Interview: Q&A with Nasip Kismet – Sparkles of Serendipity (June 2022)

In times of social distancing, travel chaos and restrictions, it’s uplifting to meet up (even if only figuratively speaking) with people who made cultural and musical inclusivity and collectivism their credo.

Since the meaning of  the band’s name (‘serendipity’ in English), Nasip Kismet is a breath of fresh air in the present day’s tense atmosphere and its sound a glimmer of hope in a more and more polarised world.

The Budapest-based band, launched by Turkish musician Arif Erdem Ocak in 2020, not only brings together Turkish sonorities with Eastern European characters, but also different music eras and styles offering an all-encompassing music perspective that range from psychedelia to Anatolian folk and ethno-jazz to funk.

Little more than a couple of months ago, the band released a new single titled ‘Ankara’nın Bağları (Büklüm Büklüm)‘, a live LP, and its Euro tour is currently in full swing… So, no better timing to reach Arif, Daniel Mester (sax and clarinet player of the band) and Derya Ocak (vocals) to have an eight-hand interview about serendipity, Budapest and Nasip Kismet‘s music at large.

…and after having read the interview, bear with us and enjoy the playlist that Nasip Kismet band members have compiled for us featuring their influences and inspirations.

Can you briefly retrace Nasip Kısmet‘s story for us? And why did you decide to call yourself ‘serendipity’?

ARIF: Since I started my solo career in 2015, I have been performing mainly in Budapest with only Turkish music, including my own compositions and Turkish folk music. The reaction of the audience from all around the world was amazing to such music. Some of the songs are from the 13th century or 19th and most of them are anonymous; we don’t even know when and by whom they were made.

During that time I decided to have a band with the name of Nasip Kısmet to make only Turkish music. I picked this name because I just wanted the band to create itself, find its own path, luck or destiny. And in Turkey, “nasip kısmet” is a commonly used phrase that is idiomatic for native speakers and expresses the idea of fate or destiny. Similar to the Spanish phrase “Que sera sera”, it is used in Turkey to suggest that one has surrendered to the current of events beyond their control. Submerging themselves in the flowing river of time and circumstance, they accept what comes—be it good or bad—with arms open wide. Actually there is no exact translation of this expression in English. Some suggested “serendipity” as the closest meaning.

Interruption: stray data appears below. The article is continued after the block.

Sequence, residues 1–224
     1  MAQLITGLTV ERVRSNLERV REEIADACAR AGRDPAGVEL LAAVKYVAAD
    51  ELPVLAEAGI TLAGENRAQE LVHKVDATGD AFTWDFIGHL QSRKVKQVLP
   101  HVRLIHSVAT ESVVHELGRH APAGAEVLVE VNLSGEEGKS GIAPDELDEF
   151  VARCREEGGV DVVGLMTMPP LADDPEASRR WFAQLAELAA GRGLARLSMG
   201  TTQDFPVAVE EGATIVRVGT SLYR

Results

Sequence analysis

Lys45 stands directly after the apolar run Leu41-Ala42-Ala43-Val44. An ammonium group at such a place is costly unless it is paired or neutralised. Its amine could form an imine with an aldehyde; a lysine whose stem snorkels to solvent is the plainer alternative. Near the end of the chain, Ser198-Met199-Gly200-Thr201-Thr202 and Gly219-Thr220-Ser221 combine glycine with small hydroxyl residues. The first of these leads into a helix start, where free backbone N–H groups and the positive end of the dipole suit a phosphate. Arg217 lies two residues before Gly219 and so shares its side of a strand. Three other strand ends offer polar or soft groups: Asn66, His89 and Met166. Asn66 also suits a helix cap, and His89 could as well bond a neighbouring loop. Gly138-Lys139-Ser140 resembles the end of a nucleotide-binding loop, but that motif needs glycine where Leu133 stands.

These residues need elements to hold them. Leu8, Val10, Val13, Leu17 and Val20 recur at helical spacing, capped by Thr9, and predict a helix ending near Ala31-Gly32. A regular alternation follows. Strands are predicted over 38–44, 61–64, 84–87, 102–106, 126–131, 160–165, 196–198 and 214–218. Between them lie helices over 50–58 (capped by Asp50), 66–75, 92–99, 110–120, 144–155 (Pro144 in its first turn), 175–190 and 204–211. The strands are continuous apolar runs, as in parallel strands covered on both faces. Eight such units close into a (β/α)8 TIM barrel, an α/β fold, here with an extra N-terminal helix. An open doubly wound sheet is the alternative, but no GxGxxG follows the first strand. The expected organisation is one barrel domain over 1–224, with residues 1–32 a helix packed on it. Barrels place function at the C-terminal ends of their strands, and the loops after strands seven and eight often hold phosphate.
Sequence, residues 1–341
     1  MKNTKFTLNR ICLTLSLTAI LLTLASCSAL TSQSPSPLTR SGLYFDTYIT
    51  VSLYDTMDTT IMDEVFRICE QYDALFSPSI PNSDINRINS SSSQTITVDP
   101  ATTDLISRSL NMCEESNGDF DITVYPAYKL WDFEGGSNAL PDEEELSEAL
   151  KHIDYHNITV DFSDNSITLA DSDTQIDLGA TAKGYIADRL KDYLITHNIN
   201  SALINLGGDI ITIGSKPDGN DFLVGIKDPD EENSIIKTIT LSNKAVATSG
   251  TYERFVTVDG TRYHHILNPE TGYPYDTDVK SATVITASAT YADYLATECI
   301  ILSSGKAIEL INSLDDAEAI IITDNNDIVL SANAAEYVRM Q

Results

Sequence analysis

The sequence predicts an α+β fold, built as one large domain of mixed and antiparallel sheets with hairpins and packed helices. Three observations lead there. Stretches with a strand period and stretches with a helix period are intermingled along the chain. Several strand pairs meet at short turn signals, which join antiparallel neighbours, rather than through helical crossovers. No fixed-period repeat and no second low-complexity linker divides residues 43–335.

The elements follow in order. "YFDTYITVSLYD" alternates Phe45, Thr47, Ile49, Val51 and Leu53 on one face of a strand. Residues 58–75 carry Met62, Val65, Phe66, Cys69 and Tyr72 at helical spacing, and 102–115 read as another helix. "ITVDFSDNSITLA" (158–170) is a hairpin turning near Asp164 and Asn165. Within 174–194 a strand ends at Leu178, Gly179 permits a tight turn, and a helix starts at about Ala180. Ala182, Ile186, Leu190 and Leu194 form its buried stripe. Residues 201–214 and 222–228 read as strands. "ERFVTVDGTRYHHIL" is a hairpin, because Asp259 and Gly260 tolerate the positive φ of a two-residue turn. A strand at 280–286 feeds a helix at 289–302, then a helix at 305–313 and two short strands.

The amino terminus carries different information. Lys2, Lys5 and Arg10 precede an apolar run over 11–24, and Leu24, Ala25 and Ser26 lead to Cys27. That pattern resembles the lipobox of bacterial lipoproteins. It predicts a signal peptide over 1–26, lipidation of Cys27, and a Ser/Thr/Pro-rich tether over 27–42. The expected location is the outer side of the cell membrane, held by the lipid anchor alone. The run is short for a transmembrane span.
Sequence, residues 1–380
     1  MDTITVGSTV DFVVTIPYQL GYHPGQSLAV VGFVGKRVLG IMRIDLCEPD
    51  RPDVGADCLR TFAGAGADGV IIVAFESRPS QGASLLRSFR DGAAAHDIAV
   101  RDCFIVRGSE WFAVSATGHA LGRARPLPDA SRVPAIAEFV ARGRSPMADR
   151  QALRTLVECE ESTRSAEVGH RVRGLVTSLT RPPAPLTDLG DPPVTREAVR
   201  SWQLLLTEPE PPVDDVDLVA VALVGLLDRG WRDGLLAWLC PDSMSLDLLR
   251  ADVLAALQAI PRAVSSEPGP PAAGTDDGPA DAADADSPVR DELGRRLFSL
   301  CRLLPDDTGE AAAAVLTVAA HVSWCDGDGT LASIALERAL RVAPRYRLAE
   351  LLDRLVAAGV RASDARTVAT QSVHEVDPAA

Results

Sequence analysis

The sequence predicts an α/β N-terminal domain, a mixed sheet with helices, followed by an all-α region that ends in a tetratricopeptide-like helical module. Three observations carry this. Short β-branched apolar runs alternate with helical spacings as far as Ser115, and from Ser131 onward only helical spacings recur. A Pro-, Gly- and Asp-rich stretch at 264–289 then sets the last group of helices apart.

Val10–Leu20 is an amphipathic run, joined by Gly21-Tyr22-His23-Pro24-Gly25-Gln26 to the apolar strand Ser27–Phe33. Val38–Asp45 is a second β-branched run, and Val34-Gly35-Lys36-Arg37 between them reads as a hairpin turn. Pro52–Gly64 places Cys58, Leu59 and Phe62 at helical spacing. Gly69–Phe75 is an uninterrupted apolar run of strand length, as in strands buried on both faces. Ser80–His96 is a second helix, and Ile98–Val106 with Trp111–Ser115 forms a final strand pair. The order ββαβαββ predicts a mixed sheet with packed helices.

That time, there was no band yet, but the name, music and the sound I was dreaming to make were there. It came into life only when I heard that Cem Aksel (known as one of the best jazz drummers in Turkey) was coming to Budapest. We met and talked about making music together. And just the day after, I encountered Dániel Mester on the way, just by chance (destiny?), and I asked him if he would like to join us. He liked the idea and immediately accepted. Later we started to look for a bass player and Márton Eged joined us. This is how Nasip Kısmet started to form in 2019. I guess even the initial forming of the band was just a “nasip kısmet” or “serendipity”.

PS: The word “kısmet” is also used in English vocabulary.

I’ve read that all of Nasip Kısmet band members have come from quite remarkable music careers. So, I was wondering why you decided to restart everything from scratch and put yourself to the test with a brand-new project?

ARIF: Actually every member of Nasip Kısmet is still involved in their side projects. We all enjoy jamming together or re-arranging an old Turkish tune with each member’s creative input.

We all know that it is challenging to make Turkish music where people are used to listening to the music in their own language or English. But it is motivating for us to reach another level. When we start playing on the stage and see the reaction of the audience, everything is changing.

How does a band like Nasip Kısmet work? How do you write new music and shape, develop and define your songs?

DANIEL: Arif offers existing Turkish songs and we pick some of them and try to make our own version. Sometimes we jam and some instrumental songs come out of that which we later work on and develop.

ARIF: When we want to do a new song, we listen to all the different versions of that song and try to make it sound like Nasip Kısmet. And sometimes we have jam sessions and we take some elements from those sessions.

Even if they are more than 1000km distant, Turkey and Hungary share many similarities when it comes to their tradition and music. So, how was it to launch a project focussed on Turkish folk music in Budapest and how much does the Hungarian repertoire enrich Nasip Kısmet‘s sound?

DANIEL: Nasip Kısmet has a Turkish repertoire, for now we don’t have Hungarian folk music elements, or Hungarian songs, but that will change soon.

ARIF: Definitely we have some similar music roots. I feel this in some songs. Also Bela Bartók’s archive is very important for Turkish music. He came to Turkey, visited almost every village and collected folk songs.